God doesn't take sides
How do I reconcile my faith with that of the spiritual hysterics in the White House? Easy. I don't even try.
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By Anne Lamott
April 27, 2005 | I have been on a book tour for a month, and as God is my witness, at every single reading I gave, someone asked how I can "reconcile my Christian faith with that of the radical right." I never quite answered this to my own satisfaction, but would like to try to do so now. And the answer is, "I don't. Why would you even bother?"
The truth is that many of us left-wing Christians with fragile nerves and bad attitudes are becoming ever so slightly tense about the distinct possibility that this country we love is becoming, under the Bush administration, a theocracy. Those of us with public lives are constantly asked, "Don't you think the radical right has appropriated God, and if so, what is your response to that?"
My answer to the first question is no. No one can appropriate God, goodness, the Bible or Jesus. It just seems that way. The people currently in charge of this country have so spiritualized their hysteria that their antics make for much better news coverage than the rest of us. Terri Schiavo ("Has America begun murdering its handicapped?" they thunder, and we say meekly, "Well, um, no"). "Lord of the Flies" rallies against gay marriage. Pro-life violence. And -- my personal favorite -- the frenzied opposition to stem cell research, based on the right's conviction that it is an atrocity to save actual human lives by creating new stem cell lines using frozen embryos slated to be thrown out after couples undergoing IVF conceive or give up.
What the right has "appropriated" has nothing to do with God as most of us believers experience God. Their pronouncements about God are based on the great palace lie that this is a Christian country, that they were chosen by God to be his ethical consultants, and that therefore they alone know God's will for us. The opposite of faith is not doubt: It is certainty. It is madness. You can tell you have created God in your own image when it turns out that he or she hates all the same people you do. The first holy truth in God 101 is that men and women of true faith have always had to accept the mystery of God's identity and love and ways. I hate that, but it's the truth.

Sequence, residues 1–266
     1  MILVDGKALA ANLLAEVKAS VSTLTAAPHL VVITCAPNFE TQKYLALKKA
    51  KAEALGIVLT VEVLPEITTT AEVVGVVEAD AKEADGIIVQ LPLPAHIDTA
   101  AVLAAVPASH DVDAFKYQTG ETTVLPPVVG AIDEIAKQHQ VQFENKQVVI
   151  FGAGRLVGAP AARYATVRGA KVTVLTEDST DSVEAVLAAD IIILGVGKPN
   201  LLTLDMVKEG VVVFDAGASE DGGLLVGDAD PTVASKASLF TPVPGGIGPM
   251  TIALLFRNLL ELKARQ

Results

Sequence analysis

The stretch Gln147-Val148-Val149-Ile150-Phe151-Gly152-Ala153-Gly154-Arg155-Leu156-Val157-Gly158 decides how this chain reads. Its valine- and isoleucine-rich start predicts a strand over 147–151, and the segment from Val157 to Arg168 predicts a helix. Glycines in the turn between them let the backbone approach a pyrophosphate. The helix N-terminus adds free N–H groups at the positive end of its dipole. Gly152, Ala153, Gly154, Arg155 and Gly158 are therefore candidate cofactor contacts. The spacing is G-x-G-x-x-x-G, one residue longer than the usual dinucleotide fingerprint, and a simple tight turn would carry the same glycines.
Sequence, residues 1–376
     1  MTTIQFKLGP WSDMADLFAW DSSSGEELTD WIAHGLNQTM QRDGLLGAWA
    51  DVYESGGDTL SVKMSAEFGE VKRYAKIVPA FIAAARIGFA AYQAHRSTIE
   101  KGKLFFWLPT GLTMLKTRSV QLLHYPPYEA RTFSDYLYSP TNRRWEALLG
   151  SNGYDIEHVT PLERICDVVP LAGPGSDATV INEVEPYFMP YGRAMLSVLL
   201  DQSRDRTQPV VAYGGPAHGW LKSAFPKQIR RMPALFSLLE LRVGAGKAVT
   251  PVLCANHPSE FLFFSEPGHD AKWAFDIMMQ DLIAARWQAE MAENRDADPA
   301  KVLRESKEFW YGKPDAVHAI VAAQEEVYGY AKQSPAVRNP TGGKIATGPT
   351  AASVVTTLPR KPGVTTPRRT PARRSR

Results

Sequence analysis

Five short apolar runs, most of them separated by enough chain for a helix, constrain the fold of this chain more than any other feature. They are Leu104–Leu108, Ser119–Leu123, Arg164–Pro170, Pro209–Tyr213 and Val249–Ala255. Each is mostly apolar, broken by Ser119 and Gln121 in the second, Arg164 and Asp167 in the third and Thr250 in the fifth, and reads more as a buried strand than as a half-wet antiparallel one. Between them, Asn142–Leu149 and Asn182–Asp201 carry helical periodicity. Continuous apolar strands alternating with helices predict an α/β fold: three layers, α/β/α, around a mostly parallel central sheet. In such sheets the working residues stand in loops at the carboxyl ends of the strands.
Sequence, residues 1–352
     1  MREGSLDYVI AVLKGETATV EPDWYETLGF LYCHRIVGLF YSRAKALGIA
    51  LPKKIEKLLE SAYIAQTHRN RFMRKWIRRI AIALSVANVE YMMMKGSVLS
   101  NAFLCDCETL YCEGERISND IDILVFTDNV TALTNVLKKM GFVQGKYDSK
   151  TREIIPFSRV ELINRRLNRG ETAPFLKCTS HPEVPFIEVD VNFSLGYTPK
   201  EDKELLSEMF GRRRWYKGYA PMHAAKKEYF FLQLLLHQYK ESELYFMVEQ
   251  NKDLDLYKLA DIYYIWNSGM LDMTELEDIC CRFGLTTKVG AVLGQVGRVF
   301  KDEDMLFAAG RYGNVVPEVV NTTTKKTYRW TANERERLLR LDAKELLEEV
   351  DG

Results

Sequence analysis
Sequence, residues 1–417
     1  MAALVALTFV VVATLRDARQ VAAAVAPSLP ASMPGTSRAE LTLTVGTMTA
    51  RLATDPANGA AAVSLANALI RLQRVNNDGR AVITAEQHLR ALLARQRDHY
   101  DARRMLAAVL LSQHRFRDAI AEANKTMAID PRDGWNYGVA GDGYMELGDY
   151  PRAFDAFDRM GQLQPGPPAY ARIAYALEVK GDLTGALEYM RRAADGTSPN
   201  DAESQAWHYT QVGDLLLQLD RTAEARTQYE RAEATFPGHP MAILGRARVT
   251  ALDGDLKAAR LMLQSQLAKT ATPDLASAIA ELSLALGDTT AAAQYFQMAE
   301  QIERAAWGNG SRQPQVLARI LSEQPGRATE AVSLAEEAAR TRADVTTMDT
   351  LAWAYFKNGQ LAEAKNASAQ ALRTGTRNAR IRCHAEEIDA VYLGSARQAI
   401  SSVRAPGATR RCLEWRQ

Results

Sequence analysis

I just think Bush and his people have gotten it so wrong.
My response to the second question is that we who believe that a benevolent intelligence animates our lives need to live by Jesus' command: to try to stop killing other human beings, just for today, and to act upon a total commitment to the poor, to the old and to the Earth. Watch, God said, and I don't think he meant cable news. I could be wrong. But what I think he meant was, "Watch for the warning signs of God's presence so you can remember what he said to do -- bring food to those who hunger, bring water to those who thirst, and help through love and showing up to turn despair into hope, swords into plowshares."
Following are five warning signs, symptomatic feelings that indicate that God is present in our hearts (and our national priorities).
1) A passionate belief in freedom and equality, in God's inclusive love for all his or her children. Jesus does not say, "I lay down my life for my sheep." He says, "I lay down my life for the sheep," all the people who are feeling alone, frightened, lost and hopeless.